4 Tips to Design a Patient-Centric Virtual Reality Program

Prioritize safety and ease of use to optimize the patient experience.

Doctors have used virtual reality to treat patients for more than a decade, helping to decrease both pain and anxiety for a wide range of patients. With improved hardware and the recent proliferation of mobile-based VR headsets, some hospitals routinely use the technology for virtual tours, patient education and as a distraction during painful procedures.

While VR represents an effective tool for treating a variety of conditions and creating a more positive patient experience, providers must consider a few important aspects when designing such programs. The following recommendations are not medical advice, but rather are meant to help organizations determine how best to deploy VR technology.

1. Know Your Virtual Reality Use Case

Whether you are designing a VR experience to teach patients about their medical conditions or creating a distracting game for kids to play during flu shots, developers must understand the unique parameters that each use requires.

Work closely with physicians, nurses, child life specialists and physical therapists to determine answers to certain questions, including:

  • Will the patients be standing, sitting up, or lying down?
  • Can they move their arms or head?
  • How much are they allowed to move their arms or head?
  • How long will the experience last?
  • Can the patient wear headphones?
  • Who will remain with the patient during the experience?

2. Keep the VR Experience Simple

Most patients and providers have very little experience with VR and often there are incredible time pressures in a clinical setting. Many times, clinicians only have minutes to set up the VR system and teach patients.

Developers must minimize the number of menus and offer quick-start options so that users can jump right into the experience. Make game controls simple and intuitive.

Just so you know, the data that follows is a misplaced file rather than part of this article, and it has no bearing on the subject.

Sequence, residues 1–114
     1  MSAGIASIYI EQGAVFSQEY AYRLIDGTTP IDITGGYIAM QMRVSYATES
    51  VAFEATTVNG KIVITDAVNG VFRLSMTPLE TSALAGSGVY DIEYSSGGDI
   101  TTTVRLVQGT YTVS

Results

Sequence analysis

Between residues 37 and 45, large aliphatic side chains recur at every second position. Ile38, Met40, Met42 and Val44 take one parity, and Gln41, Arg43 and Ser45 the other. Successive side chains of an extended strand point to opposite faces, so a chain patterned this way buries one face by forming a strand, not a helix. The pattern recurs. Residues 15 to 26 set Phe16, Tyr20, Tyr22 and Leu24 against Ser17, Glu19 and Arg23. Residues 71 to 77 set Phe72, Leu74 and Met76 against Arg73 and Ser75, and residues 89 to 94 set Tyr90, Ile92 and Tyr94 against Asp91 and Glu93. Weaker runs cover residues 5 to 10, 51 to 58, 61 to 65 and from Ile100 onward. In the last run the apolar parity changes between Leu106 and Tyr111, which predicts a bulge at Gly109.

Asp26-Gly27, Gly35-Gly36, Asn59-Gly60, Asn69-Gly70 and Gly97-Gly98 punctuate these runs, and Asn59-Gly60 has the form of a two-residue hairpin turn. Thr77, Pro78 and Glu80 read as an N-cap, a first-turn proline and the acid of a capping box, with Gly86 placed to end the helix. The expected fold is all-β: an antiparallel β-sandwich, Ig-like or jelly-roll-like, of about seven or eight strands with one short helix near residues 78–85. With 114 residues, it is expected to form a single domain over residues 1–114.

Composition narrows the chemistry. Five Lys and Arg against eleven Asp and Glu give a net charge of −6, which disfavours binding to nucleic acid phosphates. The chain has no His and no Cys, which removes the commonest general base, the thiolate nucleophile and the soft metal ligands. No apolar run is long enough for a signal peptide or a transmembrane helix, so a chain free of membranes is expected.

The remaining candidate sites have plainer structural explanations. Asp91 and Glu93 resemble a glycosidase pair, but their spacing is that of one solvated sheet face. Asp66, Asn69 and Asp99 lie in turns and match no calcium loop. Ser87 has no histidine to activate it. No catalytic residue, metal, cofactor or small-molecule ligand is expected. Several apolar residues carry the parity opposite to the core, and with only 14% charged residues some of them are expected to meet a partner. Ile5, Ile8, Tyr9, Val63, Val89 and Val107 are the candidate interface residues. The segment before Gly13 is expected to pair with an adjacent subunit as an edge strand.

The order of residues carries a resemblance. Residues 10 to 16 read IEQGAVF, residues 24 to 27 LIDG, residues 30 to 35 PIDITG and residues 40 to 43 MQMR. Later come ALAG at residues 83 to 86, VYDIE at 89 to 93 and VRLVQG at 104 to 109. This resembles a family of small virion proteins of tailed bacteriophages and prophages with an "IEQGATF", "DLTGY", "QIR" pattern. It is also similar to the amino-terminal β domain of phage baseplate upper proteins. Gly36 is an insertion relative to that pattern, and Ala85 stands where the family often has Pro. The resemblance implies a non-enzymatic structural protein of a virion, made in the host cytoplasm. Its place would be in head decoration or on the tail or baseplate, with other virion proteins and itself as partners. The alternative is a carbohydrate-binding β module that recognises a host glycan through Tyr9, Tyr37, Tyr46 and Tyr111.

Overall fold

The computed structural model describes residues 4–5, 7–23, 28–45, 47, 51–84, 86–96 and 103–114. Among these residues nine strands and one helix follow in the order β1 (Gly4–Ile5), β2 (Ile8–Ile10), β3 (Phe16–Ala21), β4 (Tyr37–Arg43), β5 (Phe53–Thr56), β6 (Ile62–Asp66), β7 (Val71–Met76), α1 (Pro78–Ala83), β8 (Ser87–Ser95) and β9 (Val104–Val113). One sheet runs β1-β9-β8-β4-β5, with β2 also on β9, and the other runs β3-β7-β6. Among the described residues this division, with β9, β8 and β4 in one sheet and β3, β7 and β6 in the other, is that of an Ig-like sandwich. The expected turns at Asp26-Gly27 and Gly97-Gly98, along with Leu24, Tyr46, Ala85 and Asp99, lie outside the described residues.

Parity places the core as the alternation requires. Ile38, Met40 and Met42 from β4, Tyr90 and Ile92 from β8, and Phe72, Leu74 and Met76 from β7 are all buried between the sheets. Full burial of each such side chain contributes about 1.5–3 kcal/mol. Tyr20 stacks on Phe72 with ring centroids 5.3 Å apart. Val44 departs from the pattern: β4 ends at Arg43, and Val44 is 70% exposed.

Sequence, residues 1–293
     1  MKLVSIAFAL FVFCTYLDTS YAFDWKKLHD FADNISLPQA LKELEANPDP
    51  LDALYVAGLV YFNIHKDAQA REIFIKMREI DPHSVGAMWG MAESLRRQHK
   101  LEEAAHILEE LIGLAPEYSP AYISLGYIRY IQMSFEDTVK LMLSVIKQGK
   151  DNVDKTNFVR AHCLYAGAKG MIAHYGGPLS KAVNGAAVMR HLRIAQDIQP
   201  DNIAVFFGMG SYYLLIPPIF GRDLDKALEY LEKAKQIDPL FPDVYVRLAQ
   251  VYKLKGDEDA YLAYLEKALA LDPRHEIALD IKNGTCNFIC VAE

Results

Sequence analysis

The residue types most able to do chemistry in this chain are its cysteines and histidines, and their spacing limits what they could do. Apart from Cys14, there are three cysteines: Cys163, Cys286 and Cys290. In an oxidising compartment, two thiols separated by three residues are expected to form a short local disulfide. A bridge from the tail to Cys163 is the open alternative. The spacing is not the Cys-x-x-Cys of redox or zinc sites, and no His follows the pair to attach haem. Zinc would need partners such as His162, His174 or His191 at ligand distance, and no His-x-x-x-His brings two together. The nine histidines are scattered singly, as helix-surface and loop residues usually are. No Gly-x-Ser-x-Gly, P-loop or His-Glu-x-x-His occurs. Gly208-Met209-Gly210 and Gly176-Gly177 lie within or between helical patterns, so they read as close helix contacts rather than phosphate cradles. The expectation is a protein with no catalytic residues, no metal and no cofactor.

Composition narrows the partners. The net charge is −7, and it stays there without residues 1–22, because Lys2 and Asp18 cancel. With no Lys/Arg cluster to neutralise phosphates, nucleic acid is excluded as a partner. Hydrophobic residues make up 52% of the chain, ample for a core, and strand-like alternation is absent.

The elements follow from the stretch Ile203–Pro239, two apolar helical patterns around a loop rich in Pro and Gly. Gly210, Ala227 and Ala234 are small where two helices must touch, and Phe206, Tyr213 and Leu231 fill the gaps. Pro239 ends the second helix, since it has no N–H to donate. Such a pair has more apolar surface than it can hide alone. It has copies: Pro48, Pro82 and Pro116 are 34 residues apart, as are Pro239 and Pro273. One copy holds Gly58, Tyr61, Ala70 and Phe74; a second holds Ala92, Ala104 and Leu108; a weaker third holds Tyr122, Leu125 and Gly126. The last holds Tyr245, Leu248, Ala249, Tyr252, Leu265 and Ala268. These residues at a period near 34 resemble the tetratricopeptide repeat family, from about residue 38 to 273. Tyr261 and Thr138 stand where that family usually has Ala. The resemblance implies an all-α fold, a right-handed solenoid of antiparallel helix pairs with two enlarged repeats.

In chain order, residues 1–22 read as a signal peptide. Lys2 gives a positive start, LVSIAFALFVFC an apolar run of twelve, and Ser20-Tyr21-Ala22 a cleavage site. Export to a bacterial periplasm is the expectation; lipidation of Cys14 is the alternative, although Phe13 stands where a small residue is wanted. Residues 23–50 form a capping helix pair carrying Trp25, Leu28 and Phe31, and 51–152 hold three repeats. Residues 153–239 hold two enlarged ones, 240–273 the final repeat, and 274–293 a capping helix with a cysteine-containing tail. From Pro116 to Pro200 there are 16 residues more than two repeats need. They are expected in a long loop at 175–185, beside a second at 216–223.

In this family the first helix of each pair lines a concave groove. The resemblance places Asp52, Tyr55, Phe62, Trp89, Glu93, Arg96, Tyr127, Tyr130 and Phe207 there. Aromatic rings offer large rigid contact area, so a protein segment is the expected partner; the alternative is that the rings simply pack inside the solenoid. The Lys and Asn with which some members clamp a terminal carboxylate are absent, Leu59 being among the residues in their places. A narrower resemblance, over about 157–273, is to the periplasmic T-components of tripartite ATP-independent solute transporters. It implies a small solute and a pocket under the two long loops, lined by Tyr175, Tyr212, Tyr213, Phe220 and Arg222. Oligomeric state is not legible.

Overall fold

3. Avoid Distressing Virtual Scenarios

There’s nothing worse than a patient being completely immersed in a VR experience, only to have their virtual character be eaten by zombies just before they are stuck with a not-so-virtual needle.

Young children can have a difficult time separating the virtual world from the real world. To that end, developers should avoid violence and include positive messages. Minimize interruptions and keep patients engaged in content.

4. Don't Make Patients Dizzy

Screening patients to determine if they are appropriate candidates for VR is very important. Avoid nausea and motion sickness at all costs in such experiences. Imagine the look on a surgeon’s face if you have to tell them that their patient can’t proceed with a procedure because they are vomiting from spinning upside down on a virtual roller coaster.

Minimize quick or exaggerated movement requirements from patients that might cause them to hit their arms or other body parts against hospital equipment or interfere with a procedure. Reduce unwanted side effects by considering a third-person viewpoint, limiting rotations, avoiding changes to the horizon line and restricting head and arm movements to only a few degrees.

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Mar 28 2018